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Government push to start-ups can energise social sector: Gururaj Deshpande

NEW DELHI: Five lakh new start-ups every year in America generating 4 million new jobs for the US economy. Figures that Indian American venture capitalist and serial entrepreneur Gururaj 'Desh' Deshpande reels off with pride.

And Deshpande, co-chairman of US President Barack Obama's National Advisory Council on Innovation and Entrepreneurship, also champions that start-ups can help engineer social change in India in the same way that they are helping revive the US economy. "In the US, start-ups are generating jobs even as the big companies lose them. And the government support through partnerships such as Startup America is helping to speed up start-ups," says Deshpande, who spoke to ET at IIT-Delhi, where he was attending a national conference on social innovation. He firmly believes that a similar government-led approach of providing access to research, mentorship and funds for start-ups can energise the much-needed entrepreneurship in India's social sector too.

According to him, the innovation corps programme run by the 
National Science Foundationof America, which helps scientists and engineers take their ideas beyond labs into broader impact fields, could provide a model through which innovative ideas could be taken out to solve broader problems in India. "Like the cutting edge start-ups in Silicon Valley, start-ups in the social sector too need to achieve excellence in execution for success," says Deshpande, who has been investing around $3-4 million every year in a social innovation sandbox project in Hubli, Karnataka, for eight years now. The sandbox project, run by Deshpande Foundation, incubates social innovation experiments and helps them scale up. So far, it has achieved 50 successful interventions. "When I started the foundation with my wife Jaishree, we felt that start-ups in the social sector were far more relevant in the Indian context than in the IT sector and like Silicon Valley is a hub of innovation in technology, Hubli, too, could become a hub for social innovation and local leadership," he says.

Sanjay Kadaveru, founder & president of Action for India, a non-profit organisation formed in 2012 to help scale the impact of social organisations by leveraging technology and government, too believes that creating regional hubs with hub champions is the best way forward for effective social entrepreneurship in India. "Besides the Deshpande Foundation, we have identified five more hub champions and have entered into partnerships with them. These are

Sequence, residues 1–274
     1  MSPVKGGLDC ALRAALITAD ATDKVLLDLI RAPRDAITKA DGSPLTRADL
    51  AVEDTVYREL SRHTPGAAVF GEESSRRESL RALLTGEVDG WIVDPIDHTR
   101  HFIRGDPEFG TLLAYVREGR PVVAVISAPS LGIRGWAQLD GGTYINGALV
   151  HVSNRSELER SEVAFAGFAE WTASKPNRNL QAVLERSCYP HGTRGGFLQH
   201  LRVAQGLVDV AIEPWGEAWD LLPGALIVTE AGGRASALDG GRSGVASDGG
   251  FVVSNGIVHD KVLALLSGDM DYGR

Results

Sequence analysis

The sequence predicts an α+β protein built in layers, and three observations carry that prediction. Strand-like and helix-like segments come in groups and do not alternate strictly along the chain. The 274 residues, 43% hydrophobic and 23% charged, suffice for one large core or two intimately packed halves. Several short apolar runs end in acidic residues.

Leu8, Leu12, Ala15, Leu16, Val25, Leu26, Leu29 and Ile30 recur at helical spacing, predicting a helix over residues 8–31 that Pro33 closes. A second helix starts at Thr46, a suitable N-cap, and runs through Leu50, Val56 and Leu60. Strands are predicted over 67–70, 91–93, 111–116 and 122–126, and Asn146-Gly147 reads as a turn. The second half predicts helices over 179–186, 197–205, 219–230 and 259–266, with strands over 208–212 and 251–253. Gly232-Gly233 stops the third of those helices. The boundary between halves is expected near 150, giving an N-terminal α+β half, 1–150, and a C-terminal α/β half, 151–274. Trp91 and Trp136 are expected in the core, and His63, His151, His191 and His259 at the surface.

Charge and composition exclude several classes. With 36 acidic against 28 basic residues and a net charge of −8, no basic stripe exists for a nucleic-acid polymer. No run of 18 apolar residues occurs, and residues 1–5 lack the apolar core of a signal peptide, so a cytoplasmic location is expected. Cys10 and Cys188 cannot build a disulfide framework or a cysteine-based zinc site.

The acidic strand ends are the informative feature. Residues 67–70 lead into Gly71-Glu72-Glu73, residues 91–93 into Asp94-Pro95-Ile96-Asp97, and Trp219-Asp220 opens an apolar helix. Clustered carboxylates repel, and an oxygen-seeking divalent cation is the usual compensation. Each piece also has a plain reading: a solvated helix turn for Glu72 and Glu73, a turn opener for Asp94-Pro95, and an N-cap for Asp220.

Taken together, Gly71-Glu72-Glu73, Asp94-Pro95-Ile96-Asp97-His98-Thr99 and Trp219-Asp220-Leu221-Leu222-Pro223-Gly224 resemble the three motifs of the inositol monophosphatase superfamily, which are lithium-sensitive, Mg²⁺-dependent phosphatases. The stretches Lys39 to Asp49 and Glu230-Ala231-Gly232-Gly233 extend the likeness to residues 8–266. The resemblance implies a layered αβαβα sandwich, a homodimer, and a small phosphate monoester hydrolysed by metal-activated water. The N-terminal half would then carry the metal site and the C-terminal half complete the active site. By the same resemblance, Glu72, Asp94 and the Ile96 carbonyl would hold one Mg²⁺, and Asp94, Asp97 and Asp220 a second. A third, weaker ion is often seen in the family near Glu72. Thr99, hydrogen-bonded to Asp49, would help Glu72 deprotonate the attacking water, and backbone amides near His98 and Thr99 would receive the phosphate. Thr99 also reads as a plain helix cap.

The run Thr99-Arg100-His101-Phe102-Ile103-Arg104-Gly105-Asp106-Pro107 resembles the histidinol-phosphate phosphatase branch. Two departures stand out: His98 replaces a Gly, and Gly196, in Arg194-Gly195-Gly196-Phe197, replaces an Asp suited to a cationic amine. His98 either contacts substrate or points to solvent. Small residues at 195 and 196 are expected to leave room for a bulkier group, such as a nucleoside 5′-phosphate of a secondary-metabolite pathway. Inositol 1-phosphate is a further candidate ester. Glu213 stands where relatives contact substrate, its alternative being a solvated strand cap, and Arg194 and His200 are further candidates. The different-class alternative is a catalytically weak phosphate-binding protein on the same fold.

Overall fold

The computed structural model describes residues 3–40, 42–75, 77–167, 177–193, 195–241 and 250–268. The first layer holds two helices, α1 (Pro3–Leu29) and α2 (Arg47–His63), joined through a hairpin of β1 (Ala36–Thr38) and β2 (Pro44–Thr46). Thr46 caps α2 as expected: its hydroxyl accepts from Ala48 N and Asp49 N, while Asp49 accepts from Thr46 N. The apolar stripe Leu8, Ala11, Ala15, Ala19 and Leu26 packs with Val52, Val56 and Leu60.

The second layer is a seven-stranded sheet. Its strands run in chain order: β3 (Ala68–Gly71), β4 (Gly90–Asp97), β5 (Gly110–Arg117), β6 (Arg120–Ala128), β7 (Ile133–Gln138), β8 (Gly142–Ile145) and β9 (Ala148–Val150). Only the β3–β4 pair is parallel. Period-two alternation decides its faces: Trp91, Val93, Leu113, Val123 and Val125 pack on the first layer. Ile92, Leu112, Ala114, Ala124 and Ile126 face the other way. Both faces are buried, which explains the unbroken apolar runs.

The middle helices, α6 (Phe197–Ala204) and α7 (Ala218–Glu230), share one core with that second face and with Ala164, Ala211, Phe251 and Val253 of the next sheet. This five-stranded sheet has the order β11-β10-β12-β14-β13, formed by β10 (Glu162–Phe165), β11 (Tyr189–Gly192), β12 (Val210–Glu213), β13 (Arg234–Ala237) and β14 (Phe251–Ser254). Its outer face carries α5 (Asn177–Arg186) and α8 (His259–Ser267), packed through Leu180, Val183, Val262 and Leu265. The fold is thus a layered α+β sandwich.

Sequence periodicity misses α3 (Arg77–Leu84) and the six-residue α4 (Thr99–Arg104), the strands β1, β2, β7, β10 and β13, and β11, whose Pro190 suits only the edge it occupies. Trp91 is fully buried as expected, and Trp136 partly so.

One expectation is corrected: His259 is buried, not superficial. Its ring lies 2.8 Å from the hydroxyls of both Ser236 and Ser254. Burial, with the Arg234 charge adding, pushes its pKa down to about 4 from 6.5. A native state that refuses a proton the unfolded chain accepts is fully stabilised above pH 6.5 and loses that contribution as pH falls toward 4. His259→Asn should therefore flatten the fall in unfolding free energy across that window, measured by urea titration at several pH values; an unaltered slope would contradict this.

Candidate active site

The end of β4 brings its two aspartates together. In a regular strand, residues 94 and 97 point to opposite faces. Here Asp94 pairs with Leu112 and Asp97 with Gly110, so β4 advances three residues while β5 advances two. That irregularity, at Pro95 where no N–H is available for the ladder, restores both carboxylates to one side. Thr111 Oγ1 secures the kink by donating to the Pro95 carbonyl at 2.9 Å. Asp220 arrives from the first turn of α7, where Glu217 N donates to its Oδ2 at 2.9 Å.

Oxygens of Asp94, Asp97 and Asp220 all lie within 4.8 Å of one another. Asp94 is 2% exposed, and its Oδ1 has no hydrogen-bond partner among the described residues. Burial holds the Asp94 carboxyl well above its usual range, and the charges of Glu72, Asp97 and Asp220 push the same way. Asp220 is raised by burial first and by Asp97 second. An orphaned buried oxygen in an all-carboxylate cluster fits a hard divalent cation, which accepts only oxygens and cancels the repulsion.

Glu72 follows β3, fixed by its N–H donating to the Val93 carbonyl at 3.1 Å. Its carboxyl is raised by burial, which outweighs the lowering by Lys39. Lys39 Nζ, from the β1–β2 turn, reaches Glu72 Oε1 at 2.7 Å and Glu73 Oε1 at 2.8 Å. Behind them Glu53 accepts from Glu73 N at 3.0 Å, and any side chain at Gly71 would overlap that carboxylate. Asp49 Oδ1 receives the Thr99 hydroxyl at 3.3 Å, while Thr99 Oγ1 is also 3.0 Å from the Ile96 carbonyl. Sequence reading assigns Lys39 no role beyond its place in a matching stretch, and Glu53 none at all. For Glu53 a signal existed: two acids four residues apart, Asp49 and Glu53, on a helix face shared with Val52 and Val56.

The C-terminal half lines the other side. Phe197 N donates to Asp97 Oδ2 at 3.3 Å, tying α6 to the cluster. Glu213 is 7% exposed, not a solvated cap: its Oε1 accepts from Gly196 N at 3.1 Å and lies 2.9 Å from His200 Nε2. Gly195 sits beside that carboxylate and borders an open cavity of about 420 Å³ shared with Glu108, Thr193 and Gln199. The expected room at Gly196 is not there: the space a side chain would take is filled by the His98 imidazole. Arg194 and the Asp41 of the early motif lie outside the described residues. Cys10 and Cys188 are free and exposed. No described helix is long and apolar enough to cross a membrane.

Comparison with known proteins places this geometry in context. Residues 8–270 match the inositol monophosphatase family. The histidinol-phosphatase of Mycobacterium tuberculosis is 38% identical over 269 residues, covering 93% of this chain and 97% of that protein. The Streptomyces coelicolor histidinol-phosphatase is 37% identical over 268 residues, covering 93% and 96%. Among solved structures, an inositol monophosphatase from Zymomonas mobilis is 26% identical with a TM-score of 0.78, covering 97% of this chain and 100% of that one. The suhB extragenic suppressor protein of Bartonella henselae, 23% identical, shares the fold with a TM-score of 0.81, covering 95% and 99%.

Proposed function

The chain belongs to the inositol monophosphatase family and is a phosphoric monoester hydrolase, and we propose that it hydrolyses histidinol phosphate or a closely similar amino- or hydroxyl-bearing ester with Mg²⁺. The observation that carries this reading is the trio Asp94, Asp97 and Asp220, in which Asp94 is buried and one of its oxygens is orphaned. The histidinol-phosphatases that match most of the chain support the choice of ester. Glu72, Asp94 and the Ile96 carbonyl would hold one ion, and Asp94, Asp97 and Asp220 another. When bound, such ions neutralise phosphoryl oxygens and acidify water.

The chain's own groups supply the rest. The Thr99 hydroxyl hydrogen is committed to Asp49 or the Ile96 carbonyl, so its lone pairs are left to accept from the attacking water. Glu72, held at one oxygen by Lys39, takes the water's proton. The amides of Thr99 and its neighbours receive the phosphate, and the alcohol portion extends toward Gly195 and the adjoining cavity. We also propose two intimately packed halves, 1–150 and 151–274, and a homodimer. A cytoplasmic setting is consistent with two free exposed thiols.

DLF Foundation for rural Gurgaon; Spice Telecom for western UP; Sangita Reddy of Apollo HospitalsBSE -3.91 % foundation; Srini Raju of Peepul Capital and Raju Reddy of Hitachi Consulting for Andhra Pradesh and Tamil Nadu," says Kadaveru.

Indian government could become a partner in promoting social entrepreneurship that can make a difference for large sections of economically weaker sections. But for that, it has to get its policy act together, feels the entrepreneurial community in the country. "There are various problems including the protection of intellectual property rights which prevent India from becoming a global hub for entrepreneurship. In Indian government circles, the feeling is that entrepreneurship is only about IT start-ups, which do not need any support. (This is) a perception that needs to change," feels Subinder Khurana, founder & CEO, BankSmarts Solutions and chair, entrepreneurship nurturing programme, TiE Delhi & mentor, NASSCOMemerging companies forum.

New models of social innovation could emerge from India, especially from villages and tier-III towns. "But for that to happen successfully, the government has to support local incubators which will delve into local problems and involve local innovators Often a bias towards high-end technology will not work in the Indian context for social entrepreneurship ventures and it is far more important to focus on issues such as scaling up quickly and jobs creation," says Aditya Mukherjee, author and entrepreneur, who had set up Uoolabs, a start-up in Singapore. Currently, he works as a management consultant in Delhi.